16. New strategy toward dioxin risk reduction for local residents surrounding severe dioxin hotspots in Vietnam

    PubMed Central

    Thi Tran, Tuyet-Hanh; Nguyen, Ngoc-Bich; Le, Vu-Anh

    2013-01-01

    Background A public health intervention program with active involvement of local related stakeholders was piloted in the Bien Hoa dioxin hotspot (2007–2009), and then expanded to the Da Nang dioxin hotspot in Vietnam (2009–2011). It aimed to reduce the risk of dioxin exposure of local residents through foods. This article presents the results of the intervention in Da Nang. Methodology To assess the results of this intervention program, pre- and post-intervention knowledge, attitude, and practice (KAP) surveys were implemented in 400 households, randomly selected from four wards surrounding the Da Nang Airbase in 2009 and 2011, respectively. Results After the intervention, the knowledge on the existence of dioxin in food, dioxin exposure pathways, potential high-risk foods, and preventive measures significantly increased (P<0.05). Ninety-eight percent were willing to follow advice on preventing dioxin exposure. Practices to reduce the risk of dioxin exposure also significantly improved (P<0.05). After intervention, 60.4% of households undertook exposure preventive measures, significantly higher than that of the pre-intervention survey (39.6%; χ2=40.15, P<0.001). High-risk foods had quite low rates of daily consumption (from 0 to 2.5%) and were significantly reduced (P<0.05). Conclusions This is seen as an effective intervention strategy toward reducing the risk of human exposure to dioxin at dioxin hotspots. While greater efforts are needed for remediating dioxin-polluted areas inside airbases, there is also evidence to suggest that, during the past four decades, pollution has expanded to the surrounding areas. For this reason, this model should be quickly expanded to the remaining dioxin hotspots in Vietnam to further reduce the exposure risks in other areas. PMID:23791241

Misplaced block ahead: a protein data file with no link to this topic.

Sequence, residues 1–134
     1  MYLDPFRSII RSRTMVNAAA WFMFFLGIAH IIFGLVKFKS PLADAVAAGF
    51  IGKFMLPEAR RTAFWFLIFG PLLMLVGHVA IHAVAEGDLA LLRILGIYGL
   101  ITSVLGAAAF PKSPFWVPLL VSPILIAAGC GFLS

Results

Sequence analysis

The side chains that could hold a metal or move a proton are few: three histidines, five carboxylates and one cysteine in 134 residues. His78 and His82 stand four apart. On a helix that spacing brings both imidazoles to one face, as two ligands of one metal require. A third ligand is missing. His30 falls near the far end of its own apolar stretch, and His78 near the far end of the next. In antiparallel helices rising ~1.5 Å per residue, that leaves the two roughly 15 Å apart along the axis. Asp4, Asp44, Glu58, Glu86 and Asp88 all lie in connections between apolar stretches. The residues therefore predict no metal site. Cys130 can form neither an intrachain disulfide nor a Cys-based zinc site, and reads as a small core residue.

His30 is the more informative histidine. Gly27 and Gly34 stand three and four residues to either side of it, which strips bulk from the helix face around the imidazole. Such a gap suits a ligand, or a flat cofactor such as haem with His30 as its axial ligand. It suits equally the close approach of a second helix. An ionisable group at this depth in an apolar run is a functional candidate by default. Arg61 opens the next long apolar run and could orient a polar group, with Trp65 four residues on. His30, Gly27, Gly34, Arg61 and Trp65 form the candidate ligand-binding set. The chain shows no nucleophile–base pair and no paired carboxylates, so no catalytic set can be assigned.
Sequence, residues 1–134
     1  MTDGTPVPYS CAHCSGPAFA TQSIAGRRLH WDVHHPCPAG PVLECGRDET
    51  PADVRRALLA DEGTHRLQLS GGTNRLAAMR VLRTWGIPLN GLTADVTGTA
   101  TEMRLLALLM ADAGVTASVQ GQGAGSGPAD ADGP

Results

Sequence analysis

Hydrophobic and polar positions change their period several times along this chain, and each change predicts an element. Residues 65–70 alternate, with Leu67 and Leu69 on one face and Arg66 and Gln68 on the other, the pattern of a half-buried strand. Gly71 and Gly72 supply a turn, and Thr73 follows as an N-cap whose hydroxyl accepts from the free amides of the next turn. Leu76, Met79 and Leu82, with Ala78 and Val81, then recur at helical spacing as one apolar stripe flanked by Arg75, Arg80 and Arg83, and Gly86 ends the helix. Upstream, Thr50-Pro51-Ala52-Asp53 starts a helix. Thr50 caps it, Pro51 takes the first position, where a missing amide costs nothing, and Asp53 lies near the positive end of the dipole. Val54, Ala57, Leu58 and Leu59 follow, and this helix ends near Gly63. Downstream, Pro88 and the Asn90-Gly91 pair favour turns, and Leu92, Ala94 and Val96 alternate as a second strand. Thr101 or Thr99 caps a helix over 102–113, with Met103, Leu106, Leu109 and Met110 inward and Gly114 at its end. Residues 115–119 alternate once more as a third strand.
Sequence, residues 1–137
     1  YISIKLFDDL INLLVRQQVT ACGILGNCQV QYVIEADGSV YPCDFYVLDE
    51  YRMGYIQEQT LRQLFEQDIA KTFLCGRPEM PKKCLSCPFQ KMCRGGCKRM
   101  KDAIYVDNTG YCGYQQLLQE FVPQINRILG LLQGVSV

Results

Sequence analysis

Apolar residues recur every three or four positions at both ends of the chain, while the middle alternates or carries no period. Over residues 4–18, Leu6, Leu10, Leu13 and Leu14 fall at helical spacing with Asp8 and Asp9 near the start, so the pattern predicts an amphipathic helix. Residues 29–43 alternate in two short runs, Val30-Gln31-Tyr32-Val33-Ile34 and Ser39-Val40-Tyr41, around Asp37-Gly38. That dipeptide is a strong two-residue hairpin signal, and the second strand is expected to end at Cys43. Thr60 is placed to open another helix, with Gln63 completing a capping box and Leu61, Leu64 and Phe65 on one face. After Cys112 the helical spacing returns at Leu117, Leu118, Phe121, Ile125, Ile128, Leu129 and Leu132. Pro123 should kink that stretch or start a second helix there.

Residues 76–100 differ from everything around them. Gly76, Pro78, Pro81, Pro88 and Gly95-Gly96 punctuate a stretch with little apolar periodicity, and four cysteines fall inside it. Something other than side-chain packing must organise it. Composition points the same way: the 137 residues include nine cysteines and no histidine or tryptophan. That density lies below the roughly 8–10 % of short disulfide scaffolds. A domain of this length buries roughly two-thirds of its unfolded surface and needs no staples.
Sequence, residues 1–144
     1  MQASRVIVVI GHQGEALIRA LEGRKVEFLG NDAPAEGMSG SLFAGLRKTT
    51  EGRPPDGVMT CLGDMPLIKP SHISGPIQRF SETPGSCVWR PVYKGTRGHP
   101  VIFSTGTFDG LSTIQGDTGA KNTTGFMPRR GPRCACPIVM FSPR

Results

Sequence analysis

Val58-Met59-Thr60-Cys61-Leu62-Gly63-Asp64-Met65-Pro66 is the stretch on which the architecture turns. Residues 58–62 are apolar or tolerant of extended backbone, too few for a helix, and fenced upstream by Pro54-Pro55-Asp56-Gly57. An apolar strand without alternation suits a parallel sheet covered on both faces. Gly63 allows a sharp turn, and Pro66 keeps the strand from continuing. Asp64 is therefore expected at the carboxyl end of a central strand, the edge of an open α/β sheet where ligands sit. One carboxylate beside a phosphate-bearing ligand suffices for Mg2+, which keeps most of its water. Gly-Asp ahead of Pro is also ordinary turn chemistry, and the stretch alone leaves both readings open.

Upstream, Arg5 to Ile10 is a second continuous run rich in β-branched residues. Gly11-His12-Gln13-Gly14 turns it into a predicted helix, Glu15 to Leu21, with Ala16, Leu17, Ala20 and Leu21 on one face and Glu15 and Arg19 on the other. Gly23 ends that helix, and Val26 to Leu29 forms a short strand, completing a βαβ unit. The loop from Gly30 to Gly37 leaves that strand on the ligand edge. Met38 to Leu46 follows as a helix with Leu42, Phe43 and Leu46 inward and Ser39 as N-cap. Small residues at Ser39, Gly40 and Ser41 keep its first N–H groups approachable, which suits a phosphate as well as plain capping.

17. Investigating spatial and volumetric trends in silicic volcanism along the Yellowstone hotspot track using high-resolution thermomechanical numerical models

    NASA Astrophysics Data System (ADS)

    Colon, D.; Bindeman, I. N.; Gerya, T.

    2015-12-01